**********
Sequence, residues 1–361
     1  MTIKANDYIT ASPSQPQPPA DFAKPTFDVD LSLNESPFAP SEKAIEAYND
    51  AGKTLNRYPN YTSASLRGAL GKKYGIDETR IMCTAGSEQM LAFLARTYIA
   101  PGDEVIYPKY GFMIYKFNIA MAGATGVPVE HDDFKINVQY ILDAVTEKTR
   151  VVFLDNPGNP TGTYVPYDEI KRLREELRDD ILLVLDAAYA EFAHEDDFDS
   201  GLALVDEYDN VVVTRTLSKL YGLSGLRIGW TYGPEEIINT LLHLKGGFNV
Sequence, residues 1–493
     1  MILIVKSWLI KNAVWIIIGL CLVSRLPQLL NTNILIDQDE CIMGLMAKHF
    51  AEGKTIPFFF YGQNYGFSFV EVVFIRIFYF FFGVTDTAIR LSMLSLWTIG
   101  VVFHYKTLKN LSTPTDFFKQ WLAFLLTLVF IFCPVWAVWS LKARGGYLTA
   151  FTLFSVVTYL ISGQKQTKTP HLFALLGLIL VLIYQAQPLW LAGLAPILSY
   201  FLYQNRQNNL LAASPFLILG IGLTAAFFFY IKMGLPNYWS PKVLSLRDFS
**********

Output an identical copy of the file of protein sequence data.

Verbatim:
Sequence, residues 1–361
     1  MTIKANDYIT ASPSQPQPPA DFAKPTFDVD LSLNESPFAP SEKAIEAYND
    51  AGKTLNRYPN YTSASLRGAL GKKYGIDETR IMCTAGSEQM LAFLARTYIA
   101  PGDEVIYPKY GFMIYKFNIA MAGATGVPVE HDDFKINVQY ILDAVTEKTR
   151  VVFLDNPGNP TGTYVPYDEI KRLREELRDD ILLVLDAAYA EFAHEDDFDS
   201  GLALVDEYDN VVVTRTLSKL YGLSGLRIGW TYGPEEIINT LLHLKGGFNV
Sequence, residues 1–493
     1  MILIVKSWLI KNAVWIIIGL CLVSRLPQLL NTNILIDQDE CIMGLMAKHF
    51  AEGKTIPFFF YGQNYGFSFV EVVFIRIFYF FFGVTDTAIR LSMLSLWTIG
   101  VVFHYKTLKN LSTPTDFFKQ WLAFLLTLVF IFCPVWAVWS LKARGGYLTA
   151  FTLFSVVTYL ISGQKQTKTP HLFALLGLIL VLIYQAQPLW LAGLAPILSY
   201  FLYQNRQNNL LAASPFLILG IGLTAAFFFY IKMGLPNYWS PKVLSLRDFS